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(faith in him. and imagine deceits all the day long. 19 But mine enemies are lively, and

13 But I, as a deaf man, heard not; they are strong: and they that hate and I was as a dumb man that openeth me wrongfully are multiplied. not his mouth.

20 They also that render evil for 14 Thus I was as a man that hear- good are mine adversaries; because I eth not, and in whose mouth are no follow the thing that good is. reproofs.

21 Forsake me not, O LORD: 0 15 For in thee, O LORD, do I my God, be not far from me. hope: thou wilt hear, O LORD my

God. 22 Make haste to help me 0 LORD, 16 For I said, Hear me, lest other- my salvation. (Q) wise they should rejoice over me: when my foot slippeth, they magnify

PSALM XXXIX. themselves against me. 17 For I am ready to halt, and my

To the chief Musician, even to Jeduthun.

A Psalm of David. Sorrow is continually before me. 18 For I will declare mine iniquity; I SAID, I will take heed to my ways; sin.

that I sin not with my tongue: I will

I will be sorry

for my


at home to indulge in ease, and luxury, and PSALM XXXVIII.

crime. (9) A Psalm of David to bring to re- Many have endeavoured to explain the rembrance - That is, a memorial of his psalmist's complaints of unsoundness and sins

, and of bis sufferings under them. putridity in his flesh aud in bis bones figuHis afflictions appear to have been of ratively, of his inward distress and spiritwo classes-bodily pain and sickness, and tual conflicts; but we think “it seems the desertion of his friends and relatives, evident (as Mr. Scott observes,) that the who, instead of comforting, aggravated writer was (also) visited with some dire bis afflictions. In David's history, indeed, malady, which affected his whole frame in We read nothing of his being confined with the most distressing manner; and that he sickness; yet it is reasonable to believe considered this as the chastisement of this might often be the case, though per- God, for some particular sins of which his haps for no long continuance, so as to in- conscience accused him." What that parterrupt the operations of his government. ticular malady might be with wbich he was That be suffered much from disease may afflicted, we presume not to determine; but be inferred, not only from his frequent re- from the symptoms mentioned, and partiferences to it in the book of Psalms, but cularly from his friends and 'neighbours from the singular fact of his extreme debi- keeping “ aloof from his sore," we should lity, and the extraordinary means used to think it must have closely resembled, keep life in him, for some time before his either the leprosy of Job, or the pestilence death, though he died at the age of seventy. of Hezekiah, either of which, connected (1 Kings i. 1-4.) In these afflictions, he with the agonies of conviction in his conconstantly refers to sin as the cause of his science, would be fully sufficient to account sufferings, and it is true that all our suf- for his groans and agonies. But we totally ferings originate in sin; yet his language object to the application of such language in this psalm seems to refer particularly to our Redeemer, for reasons which we to his dreadful apostacy in the matter of have already stated : nor do we find any Uriah, when be sent Joab to conduct the application of it to him in the New Testawar with the Ammonites, while he stayed ment, by either evangelists or apostles.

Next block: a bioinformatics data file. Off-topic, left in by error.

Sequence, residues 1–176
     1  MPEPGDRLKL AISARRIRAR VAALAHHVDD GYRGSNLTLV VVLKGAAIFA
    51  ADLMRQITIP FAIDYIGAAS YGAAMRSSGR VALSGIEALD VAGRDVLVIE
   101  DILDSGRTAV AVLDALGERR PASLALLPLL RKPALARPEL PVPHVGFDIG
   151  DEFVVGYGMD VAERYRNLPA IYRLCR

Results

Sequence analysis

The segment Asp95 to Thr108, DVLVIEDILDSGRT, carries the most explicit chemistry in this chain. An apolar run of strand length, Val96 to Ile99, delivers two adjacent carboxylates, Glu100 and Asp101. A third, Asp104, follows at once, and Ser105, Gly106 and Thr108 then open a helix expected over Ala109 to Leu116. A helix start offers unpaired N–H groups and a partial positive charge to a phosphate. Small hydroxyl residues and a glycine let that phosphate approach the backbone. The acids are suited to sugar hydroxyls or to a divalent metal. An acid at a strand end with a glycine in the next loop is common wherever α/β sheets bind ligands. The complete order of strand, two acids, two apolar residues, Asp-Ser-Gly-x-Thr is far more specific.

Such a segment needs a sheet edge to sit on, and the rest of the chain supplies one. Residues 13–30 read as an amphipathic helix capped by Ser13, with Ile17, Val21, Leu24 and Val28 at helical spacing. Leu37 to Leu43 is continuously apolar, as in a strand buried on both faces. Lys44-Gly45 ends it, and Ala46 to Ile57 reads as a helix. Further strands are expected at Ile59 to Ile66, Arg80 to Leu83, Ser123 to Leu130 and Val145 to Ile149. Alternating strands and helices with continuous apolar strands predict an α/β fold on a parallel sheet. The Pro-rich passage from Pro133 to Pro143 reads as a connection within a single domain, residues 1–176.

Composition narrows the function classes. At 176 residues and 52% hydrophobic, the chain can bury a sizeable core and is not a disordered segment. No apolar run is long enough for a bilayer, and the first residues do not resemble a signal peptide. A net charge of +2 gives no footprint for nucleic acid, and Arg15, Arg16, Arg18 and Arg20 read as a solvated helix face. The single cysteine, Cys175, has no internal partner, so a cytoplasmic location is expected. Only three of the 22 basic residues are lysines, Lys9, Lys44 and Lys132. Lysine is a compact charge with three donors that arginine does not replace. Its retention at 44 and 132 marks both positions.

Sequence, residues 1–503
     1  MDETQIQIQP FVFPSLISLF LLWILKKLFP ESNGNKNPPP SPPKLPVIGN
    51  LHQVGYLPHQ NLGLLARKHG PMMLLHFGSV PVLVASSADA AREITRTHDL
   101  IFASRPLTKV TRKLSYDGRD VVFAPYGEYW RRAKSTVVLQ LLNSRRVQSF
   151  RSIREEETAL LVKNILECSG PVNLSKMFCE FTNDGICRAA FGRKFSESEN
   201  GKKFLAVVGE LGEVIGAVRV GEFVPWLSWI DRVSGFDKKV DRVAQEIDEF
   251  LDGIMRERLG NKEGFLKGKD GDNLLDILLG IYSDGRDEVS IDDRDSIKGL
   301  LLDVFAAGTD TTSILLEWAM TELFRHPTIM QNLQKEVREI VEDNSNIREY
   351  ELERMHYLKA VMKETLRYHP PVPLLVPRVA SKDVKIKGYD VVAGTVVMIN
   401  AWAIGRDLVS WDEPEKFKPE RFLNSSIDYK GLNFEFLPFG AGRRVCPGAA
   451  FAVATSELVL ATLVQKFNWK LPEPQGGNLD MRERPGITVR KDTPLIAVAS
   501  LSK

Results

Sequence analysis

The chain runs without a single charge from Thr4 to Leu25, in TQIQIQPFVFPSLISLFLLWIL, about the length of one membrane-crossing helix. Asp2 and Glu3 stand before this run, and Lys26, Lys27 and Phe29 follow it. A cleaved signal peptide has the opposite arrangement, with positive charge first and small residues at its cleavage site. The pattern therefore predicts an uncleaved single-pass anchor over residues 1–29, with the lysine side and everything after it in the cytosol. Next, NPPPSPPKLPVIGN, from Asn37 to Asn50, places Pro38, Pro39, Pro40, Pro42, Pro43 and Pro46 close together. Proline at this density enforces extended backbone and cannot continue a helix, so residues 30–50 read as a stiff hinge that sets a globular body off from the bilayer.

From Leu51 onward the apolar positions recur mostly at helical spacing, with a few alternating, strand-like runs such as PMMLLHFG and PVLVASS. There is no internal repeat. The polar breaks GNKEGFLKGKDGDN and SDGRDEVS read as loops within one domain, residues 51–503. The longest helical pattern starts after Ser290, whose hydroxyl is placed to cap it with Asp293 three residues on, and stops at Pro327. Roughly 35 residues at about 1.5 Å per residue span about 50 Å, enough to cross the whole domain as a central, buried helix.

Job vi. 4.

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NOTES. PSALM XXXVIII. Ver. 2. Tkine arrows.-See Ver. 16. 'In thee do I hope-Marg. “ Thee

do I wait for.'' Hear-Marg." Answer.” Ver. 3. Rest-Heb. “ l'eace," or “ health.”

Ver. 17. Ready to halt - Marg: " For halting;" Fer. 5. Because of my foolishness. This implies i. e. ready to sink down under my infirmities. sia, as well as folly, for the thought of foolisb

Ver. 19. Lirely: strong. - Heb. "(Being) Das is sin," Prov. xxiv. 9.

Jively, are strong. Ter. 6. Troubled - Heb. “ Wried,” or writhed Ver. 20. Because, &c. - Read, the last clause,

" What is good.” V. 20. Is gone from me-Heb. “ Is not with me." His disease affected his sight.